Copyright Ruling Allows Bypass of DVD, Smartphone Protection Mechanisms

by Dan Warren, David Weslow, and Josh Curry

 

On July 27, 2010, the Librarian of Congress, acting on the recommendation of the Copyright Office, exempted six classes of copyrighted works from a provision of the Digital Millennium Copyright Act ("DMCA") that prohibits users from circumventing copyright protection mechanisms (e.g., DVD or iPhone® encryptions or "digital locks").1 The six exemptions will be effective for the next two years and will allow users to engage in the following activities: bypass DVD encryption for certain narrow educational/non-commercial purposes, "jailbreak" iPhones® or similar smartphone devices for personal use, unlock personal cell phones for use on another network, "crack" video game software access restrictions to investigate and correct software security flaws, bypass malfunctioning or broken hardware dongles to enable dongle-activated software to function, and circumvent text-to-speech restrictions on eBooks when no alternative read-aloud eBooks exist. Compared to the 2000, 2003, and 2006 DMCA exemptions, the 2010 DMCA Exemptions are broader and tend to favor end-users more so than copyright owners.

Title 17 U.S.C. § 1201(a) prohibits circumvention of access control technologies used by copyright owners to protect against copyright infringement (i.e., a digital lock or digital rights management ("DRM") system that protects content on DVDs/CDs, smartphones, eBook readers, and other devices from unauthorized copying). Every three years, the DMCA requires the Register of Copyrights to conduct a public rulemaking review, consult with the Assistant Secretary of Communications and Information, and recommend to the Librarian of Congress classes of copyrighted works that should be exempted from the DMCA's anti-circumvention provisions. The purpose of this review is to ensure that end-users can make non-infringing uses of copyrighted works that are similar or analogous to the uses that they had been able to make before the DMCA was adopted in 1998. Anti-circumvention exemptions can be granted to a class of copyrighted works if class users are, or are likely to be, adversely affected by being unable to make non-infringing uses of those particular classes of works. The Register of Copyrights conducted rulemaking reviews in 2000, 2003, 2006,2 and most recently in 2009. The Register did not issue a recommendation, and the Librarian did not issue a final decision for the 2009 review year until July 2010.3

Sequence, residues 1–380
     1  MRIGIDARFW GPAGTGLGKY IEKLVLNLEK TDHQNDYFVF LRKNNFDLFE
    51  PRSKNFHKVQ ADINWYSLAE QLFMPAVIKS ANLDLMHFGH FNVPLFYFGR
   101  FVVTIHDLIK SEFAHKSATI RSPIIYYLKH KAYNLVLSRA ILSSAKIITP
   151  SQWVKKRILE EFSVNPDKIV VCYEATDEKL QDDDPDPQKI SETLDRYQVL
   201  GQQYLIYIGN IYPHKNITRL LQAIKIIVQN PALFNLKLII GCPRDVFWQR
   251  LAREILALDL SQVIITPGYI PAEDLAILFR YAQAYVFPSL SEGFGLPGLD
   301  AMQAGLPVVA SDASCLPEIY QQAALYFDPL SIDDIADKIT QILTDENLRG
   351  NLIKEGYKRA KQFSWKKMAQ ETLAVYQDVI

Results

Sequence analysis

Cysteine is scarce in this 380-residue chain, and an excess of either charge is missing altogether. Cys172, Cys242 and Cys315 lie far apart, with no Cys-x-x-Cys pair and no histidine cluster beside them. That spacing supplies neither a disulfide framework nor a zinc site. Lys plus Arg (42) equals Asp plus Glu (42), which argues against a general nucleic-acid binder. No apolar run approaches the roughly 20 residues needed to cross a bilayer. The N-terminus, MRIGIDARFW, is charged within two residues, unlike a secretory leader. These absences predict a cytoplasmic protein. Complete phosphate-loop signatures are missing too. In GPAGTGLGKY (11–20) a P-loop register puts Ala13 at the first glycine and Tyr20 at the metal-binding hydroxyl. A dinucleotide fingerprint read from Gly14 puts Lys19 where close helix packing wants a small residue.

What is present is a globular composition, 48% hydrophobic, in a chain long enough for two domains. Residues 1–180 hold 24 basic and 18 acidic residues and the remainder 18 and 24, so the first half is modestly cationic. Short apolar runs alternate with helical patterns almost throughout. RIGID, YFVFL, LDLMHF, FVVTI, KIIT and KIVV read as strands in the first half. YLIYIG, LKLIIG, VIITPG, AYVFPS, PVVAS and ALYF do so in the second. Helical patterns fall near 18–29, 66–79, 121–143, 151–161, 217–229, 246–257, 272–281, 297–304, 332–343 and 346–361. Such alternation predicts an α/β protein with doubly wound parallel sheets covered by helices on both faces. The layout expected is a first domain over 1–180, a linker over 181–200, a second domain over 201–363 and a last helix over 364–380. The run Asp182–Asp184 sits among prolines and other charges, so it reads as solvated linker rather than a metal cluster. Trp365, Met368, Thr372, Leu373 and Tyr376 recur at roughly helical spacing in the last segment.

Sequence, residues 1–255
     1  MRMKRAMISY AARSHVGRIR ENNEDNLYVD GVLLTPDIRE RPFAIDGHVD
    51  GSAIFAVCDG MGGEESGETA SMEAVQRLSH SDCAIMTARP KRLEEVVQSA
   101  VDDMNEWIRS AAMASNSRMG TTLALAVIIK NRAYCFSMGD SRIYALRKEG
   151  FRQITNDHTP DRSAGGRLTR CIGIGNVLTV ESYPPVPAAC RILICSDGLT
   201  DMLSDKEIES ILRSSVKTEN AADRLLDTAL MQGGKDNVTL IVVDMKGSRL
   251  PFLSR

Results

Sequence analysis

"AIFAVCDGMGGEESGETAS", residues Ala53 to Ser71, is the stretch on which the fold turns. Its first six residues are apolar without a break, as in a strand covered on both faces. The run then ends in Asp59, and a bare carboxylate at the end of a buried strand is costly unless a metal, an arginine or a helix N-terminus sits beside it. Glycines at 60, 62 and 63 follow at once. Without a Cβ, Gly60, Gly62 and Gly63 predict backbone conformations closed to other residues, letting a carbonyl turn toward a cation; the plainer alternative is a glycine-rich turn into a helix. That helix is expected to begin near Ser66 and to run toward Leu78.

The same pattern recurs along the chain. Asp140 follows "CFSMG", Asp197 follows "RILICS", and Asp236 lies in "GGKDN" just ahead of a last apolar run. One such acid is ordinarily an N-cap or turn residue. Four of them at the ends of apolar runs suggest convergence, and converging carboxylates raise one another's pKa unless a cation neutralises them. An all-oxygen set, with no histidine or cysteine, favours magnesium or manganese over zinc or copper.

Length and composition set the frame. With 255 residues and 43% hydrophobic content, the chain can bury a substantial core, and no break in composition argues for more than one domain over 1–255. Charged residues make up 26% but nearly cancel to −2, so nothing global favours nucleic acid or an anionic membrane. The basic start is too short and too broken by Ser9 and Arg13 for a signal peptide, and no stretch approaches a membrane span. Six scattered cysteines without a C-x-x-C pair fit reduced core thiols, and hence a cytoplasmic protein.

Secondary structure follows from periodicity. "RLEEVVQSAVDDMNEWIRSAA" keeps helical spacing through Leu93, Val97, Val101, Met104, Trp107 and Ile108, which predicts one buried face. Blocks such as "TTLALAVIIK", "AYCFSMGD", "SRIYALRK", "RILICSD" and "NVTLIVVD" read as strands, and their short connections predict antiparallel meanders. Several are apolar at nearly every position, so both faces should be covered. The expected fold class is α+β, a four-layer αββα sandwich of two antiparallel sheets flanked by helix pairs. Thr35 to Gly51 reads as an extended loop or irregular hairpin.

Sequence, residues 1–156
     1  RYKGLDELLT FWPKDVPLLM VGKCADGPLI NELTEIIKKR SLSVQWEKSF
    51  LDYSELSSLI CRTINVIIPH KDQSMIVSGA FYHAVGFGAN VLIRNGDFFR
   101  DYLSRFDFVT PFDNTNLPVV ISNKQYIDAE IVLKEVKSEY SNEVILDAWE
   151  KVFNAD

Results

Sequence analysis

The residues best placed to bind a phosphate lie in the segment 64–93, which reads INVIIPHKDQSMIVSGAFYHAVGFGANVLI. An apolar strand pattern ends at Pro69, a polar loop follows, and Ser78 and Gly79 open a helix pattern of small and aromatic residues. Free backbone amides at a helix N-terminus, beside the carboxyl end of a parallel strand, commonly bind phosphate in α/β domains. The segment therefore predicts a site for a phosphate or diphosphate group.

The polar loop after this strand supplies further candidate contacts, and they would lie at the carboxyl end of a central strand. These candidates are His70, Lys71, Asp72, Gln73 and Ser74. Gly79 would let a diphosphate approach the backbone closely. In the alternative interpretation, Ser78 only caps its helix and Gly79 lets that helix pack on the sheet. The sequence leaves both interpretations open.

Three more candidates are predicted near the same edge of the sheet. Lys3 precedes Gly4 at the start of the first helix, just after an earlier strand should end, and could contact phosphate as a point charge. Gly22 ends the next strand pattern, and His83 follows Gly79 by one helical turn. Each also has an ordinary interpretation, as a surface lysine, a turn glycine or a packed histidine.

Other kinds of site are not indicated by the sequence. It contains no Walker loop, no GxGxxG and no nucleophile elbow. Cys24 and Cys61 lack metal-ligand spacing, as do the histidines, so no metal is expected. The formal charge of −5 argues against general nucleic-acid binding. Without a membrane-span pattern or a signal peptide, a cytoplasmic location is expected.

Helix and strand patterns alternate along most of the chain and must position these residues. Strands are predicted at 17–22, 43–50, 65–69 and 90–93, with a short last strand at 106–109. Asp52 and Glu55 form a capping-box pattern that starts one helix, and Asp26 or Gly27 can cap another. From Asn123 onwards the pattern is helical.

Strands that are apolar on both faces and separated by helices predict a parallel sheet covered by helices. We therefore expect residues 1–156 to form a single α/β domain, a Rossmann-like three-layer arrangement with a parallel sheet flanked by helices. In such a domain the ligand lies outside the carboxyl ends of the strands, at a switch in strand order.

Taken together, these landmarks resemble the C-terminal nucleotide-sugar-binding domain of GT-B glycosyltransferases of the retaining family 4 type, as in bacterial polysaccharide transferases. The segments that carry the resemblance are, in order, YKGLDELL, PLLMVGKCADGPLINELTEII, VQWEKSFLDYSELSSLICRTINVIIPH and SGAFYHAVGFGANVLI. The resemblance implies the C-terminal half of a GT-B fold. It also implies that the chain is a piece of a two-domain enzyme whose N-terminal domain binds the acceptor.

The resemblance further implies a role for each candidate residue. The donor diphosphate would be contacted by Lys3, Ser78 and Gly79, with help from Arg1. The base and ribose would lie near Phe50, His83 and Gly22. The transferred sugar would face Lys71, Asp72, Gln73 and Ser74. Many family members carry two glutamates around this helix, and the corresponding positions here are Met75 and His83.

Summarized below are the six DMCA exemptions that go into effect today (July 27, 2010) and will remain in place until at least the 2012 rulemaking review.

1. "Short Portions" of DVD Movies for Educational/Noncommercial Use. The first exemption is a renewal and expansion of a 2006 exemption.4 This exemption allows any person to bypass the access restrictions on a DVD movie to copy a "short portion" of the movie for purposes of commentary or criticism in a documentary or noncommercial video. It also allows university film-and-media-studies students and professors to bypass DVD encryption to comment on or criticize short clips of a movie in an educational setting. The exemption does not apply to college students or professors generally (just film students and professors), and it does not extend to K-12 students or educators. The exemption also does not apply to any audiovisual work, such as a video game or a slide show; it only applies to DVD movies. Also, because many low-quality alternatives to bypassing a DVD's encryption exist (e.g., video captures, etc.), "users must make a reasonable determination that heightened [DVD video] quality is necessary" to comment on or criticize the copyrighted movie before circumventing a DVD's copy-protection scheme.